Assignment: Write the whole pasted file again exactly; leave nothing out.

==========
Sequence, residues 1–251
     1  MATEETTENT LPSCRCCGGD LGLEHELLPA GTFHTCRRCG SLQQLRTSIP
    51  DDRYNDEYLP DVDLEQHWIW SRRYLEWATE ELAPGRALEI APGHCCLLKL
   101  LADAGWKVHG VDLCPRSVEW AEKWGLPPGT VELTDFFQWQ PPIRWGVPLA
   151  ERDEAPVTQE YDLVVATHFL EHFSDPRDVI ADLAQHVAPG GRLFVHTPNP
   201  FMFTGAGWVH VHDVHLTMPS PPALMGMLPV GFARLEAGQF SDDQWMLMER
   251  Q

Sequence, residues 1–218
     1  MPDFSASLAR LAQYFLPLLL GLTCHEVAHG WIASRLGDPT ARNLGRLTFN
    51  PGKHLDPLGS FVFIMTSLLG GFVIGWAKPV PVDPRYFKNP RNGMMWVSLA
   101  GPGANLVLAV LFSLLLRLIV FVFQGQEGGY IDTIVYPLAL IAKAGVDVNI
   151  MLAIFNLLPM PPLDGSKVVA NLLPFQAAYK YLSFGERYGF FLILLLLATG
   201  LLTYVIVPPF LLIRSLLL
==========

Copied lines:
Sequence, residues 1–251
     1  MATEETTENT LPSCRCCGGD LGLEHELLPA GTFHTCRRCG SLQQLRTSIP
    51  DDRYNDEYLP DVDLEQHWIW SRRYLEWATE ELAPGRALEI APGHCCLLKL
   101  LADAGWKVHG VDLCPRSVEW AEKWGLPPGT VELTDFFQWQ PPIRWGVPLA
   151  ERDEAPVTQE YDLVVATHFL EHFSDPRDVI ADLAQHVAPG GRLFVHTPNP
   201  FMFTGAGWVH VHDVHLTMPS PPALMGMLPV GFARLEAGQF SDDQWMLMER
   251  Q

Sequence, residues 1–218
     1  MPDFSASLAR LAQYFLPLLL GLTCHEVAHG WIASRLGDPT ARNLGRLTFN
    51  PGKHLDPLGS FVFIMTSLLG GFVIGWAKPV PVDPRYFKNP RNGMMWVSLA
   101  GPGANLVLAV LFSLLLRLIV FVFQGQEGGY IDTIVYPLAL IAKAGVDVNI
   151  MLAIFNLLPM PPLDGSKVVA NLLPFQAAYK YLSFGERYGF FLILLLLATG
   201  LLTYVIVPPF LLIRSLLL